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Optimal Seasonal Allocation of Generic Dairy Advertising Expenditures

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  • Schmit, Todd M.
  • Kaiser, Harry M.

Abstract

Escalating media advertising costs have prompted shifts away from advertising to non-advertising promotion activities in the dairy industry’s generic commodity promotion program. As advertising budgets become tighter, determining the optimal allocation of these funds becomes particularly important. Optimal seasonal generic advertising expenditure shares for the national fluid milk and cheese generic advertising programs were estimated, with shares higher in the first and fourth quarters for fluid milk and relatively even across quarters for cheese. Estimates of producer welfare gains from re-allocation were substantial, with average welfare gains of 12 to 24 percent of annual advertising investments.

Suggested Citation

  • Schmit, Todd M. & Kaiser, Harry M., 2004. "Optimal Seasonal Allocation of Generic Dairy Advertising Expenditures," Research Bulletins 122095, Cornell University, Department of Applied Economics and Management.
  • Handle: RePEc:ags:cudarb:122095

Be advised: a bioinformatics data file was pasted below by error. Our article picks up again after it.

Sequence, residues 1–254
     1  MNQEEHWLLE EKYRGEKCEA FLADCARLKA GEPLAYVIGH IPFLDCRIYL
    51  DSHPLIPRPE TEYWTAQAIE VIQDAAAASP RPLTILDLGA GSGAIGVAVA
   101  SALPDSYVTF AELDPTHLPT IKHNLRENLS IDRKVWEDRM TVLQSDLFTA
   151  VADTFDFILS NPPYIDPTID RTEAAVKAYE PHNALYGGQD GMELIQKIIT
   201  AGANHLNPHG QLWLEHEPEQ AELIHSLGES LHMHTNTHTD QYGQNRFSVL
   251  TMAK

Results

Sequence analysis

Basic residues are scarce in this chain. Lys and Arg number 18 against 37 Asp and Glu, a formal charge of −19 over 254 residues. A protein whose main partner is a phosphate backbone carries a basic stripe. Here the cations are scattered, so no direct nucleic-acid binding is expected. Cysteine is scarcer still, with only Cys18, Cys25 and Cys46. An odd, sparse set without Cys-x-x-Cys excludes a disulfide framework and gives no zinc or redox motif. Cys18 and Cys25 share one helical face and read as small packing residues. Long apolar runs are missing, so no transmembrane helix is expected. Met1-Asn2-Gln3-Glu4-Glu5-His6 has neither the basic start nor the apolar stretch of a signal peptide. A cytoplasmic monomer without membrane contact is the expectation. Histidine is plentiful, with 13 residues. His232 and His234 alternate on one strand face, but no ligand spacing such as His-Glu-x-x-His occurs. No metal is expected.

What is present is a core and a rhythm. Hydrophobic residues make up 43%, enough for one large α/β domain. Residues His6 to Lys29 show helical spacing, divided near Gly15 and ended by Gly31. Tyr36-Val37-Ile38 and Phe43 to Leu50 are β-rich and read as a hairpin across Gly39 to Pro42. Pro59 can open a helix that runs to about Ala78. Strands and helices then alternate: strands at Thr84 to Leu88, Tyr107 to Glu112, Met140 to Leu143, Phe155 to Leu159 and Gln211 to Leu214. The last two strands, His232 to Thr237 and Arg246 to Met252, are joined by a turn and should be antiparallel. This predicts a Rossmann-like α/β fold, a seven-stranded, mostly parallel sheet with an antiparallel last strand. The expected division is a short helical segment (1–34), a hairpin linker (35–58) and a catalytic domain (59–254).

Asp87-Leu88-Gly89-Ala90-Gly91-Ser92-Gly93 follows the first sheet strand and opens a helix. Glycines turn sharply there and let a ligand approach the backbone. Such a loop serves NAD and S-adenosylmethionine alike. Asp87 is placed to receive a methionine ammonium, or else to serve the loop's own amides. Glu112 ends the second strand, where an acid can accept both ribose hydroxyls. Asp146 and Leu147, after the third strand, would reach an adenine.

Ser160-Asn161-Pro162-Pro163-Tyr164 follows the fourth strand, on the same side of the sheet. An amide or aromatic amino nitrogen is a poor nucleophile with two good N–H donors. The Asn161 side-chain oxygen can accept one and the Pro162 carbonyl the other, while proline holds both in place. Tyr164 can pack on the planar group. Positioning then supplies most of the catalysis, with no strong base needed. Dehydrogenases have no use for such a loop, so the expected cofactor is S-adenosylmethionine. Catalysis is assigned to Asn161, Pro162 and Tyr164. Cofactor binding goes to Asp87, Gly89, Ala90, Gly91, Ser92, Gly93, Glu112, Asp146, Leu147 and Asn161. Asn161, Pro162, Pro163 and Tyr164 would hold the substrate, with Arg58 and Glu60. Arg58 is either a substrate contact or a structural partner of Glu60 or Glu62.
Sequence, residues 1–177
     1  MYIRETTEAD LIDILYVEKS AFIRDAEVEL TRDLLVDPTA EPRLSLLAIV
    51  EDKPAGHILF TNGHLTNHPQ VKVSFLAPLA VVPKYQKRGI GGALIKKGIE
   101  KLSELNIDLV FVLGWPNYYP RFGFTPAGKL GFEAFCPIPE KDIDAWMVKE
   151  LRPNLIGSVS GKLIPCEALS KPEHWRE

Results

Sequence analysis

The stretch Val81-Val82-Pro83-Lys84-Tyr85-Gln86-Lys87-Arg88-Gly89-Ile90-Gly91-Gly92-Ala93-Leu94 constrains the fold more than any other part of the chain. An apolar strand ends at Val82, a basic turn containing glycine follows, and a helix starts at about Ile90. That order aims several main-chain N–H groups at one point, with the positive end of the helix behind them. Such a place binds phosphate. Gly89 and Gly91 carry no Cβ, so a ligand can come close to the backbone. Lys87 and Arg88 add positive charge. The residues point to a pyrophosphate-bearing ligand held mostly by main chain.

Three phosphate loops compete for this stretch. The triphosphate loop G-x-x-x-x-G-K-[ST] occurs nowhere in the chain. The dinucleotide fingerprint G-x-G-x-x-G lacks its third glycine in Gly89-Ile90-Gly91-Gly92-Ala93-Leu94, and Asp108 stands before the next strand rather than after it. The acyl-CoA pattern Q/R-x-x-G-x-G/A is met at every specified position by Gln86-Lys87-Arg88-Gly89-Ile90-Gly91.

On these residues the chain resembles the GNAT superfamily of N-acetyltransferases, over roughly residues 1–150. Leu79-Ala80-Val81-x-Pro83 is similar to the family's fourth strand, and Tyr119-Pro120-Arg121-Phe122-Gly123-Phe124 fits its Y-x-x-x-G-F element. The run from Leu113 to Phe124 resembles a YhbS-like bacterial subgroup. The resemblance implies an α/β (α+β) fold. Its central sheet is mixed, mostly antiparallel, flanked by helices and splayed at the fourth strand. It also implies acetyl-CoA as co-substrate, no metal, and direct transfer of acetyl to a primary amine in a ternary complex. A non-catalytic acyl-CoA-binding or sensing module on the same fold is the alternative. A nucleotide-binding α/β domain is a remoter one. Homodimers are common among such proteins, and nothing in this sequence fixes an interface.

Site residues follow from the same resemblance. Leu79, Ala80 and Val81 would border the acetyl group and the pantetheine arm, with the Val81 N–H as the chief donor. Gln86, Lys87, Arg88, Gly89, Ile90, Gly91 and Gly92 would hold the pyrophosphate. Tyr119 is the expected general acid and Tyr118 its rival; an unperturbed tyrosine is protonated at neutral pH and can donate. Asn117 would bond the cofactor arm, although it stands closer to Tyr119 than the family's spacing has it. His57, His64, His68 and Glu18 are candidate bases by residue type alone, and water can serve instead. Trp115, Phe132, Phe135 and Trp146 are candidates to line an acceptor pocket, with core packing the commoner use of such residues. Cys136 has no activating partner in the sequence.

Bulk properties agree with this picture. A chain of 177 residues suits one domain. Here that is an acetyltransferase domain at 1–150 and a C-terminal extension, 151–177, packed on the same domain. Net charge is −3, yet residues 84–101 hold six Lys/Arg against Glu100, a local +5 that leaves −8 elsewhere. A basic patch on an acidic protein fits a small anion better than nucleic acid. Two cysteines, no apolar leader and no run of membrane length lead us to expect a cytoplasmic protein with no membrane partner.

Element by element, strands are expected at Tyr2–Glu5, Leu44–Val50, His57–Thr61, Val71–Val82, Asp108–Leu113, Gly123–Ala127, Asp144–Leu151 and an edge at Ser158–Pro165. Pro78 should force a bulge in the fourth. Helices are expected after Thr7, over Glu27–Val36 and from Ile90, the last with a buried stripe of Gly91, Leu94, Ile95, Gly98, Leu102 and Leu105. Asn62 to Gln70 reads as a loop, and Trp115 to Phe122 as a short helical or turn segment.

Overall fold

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    References listed on IDEAS

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    1. Philip R. Vande Kamp & Harry M. Kaiser, 2000. "Optimal Temporal Policies in Fluid Milk Advertising," American Journal of Agricultural Economics, Agricultural and Applied Economics Association, vol. 82(2), pages 274-286.
    2. Schmit, Todd M. & Kaiser, Harry M., 2002. "Measuring the Impacts of Generic Fluid Milk and Cheese Advertising: A Time-Varying Parameter Application," Research Bulletins 122635, Cornell University, Department of Applied Economics and Management.
    3. Todd M. Schmit & Harry M. Kaiser, 2004. "Decomposing the Variation in Generic Advertising Response over Time," American Journal of Agricultural Economics, Agricultural and Applied Economics Association, vol. 86(1), pages 139-153.
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    Cited by:

    1. Cuellar, Sandra & Uva, Wen-fei L., 2004. "Marketing and Merchandising Practices for Fresh Sweet Corn in Supermarkets -- Challenges and Opportunities for the New York State Fresh Sweet Corn Industry," Research Bulletins 122100, Cornell University, Department of Applied Economics and Management.

    More about this item

    Keywords

    Livestock Production/Industries; Marketing;

    JEL classification:

    • Q11 - Agricultural and Natural Resource Economics; Environmental and Ecological Economics - - Agriculture - - - Aggregate Supply and Demand Analysis; Prices
    • Q13 - Agricultural and Natural Resource Economics; Environmental and Ecological Economics - - Agriculture - - - Agricultural Markets and Marketing; Cooperatives; Agribusiness
    • Q18 - Agricultural and Natural Resource Economics; Environmental and Ecological Economics - - Agriculture - - - Agricultural Policy; Food Policy

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